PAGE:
The Bicyclic Monoid! Also, semilattices are inverse (they are regular because of the idempotents (every band is regular) and as they are commutative all their idempotents commute. Thus, they are inverse).

Bicyclic Monoid: The bicyclic monoid is the monoid given by the presentation .

Semilattice: A semilattice is a commutative semigroup of idempotents. For example, take a set, . Then the set of all finite subsets of forms a semigroup under the operation of union. This operation is commutative, and all elements are idempotents. I believe that this is the free join-semilattice. Note that there is a formal definition using the `meet' operation.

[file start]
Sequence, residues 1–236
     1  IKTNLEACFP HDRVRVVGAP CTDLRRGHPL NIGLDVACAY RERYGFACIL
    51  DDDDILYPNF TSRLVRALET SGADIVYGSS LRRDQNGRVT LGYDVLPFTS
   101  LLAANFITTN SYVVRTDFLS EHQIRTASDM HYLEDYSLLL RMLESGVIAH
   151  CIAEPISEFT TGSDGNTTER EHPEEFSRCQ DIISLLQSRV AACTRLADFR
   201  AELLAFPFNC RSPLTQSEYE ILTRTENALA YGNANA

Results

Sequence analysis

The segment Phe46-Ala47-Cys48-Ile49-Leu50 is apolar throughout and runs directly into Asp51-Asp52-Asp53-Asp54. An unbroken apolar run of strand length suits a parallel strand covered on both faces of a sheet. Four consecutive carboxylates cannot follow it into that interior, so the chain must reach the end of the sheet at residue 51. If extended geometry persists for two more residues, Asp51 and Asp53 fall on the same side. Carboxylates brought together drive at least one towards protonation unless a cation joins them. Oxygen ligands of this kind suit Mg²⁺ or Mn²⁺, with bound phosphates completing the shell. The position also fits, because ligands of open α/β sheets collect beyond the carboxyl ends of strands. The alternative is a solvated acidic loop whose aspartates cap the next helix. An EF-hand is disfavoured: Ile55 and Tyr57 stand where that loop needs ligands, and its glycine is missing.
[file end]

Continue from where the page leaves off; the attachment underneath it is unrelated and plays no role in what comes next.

Howie's rather fine book, `Fundamentals of Semigroup Theory', contains a chapter on inverse semigroups, and Mark Lawson has a book in this area (it's called something like `inverse semigroups: the theory of partial symmetry'). If you are doing a thesis about semigroups then I presume someone in your department studies them, so Howie's book will be in your uni's library. Lawson's may or may not be (apparently it is in mine!)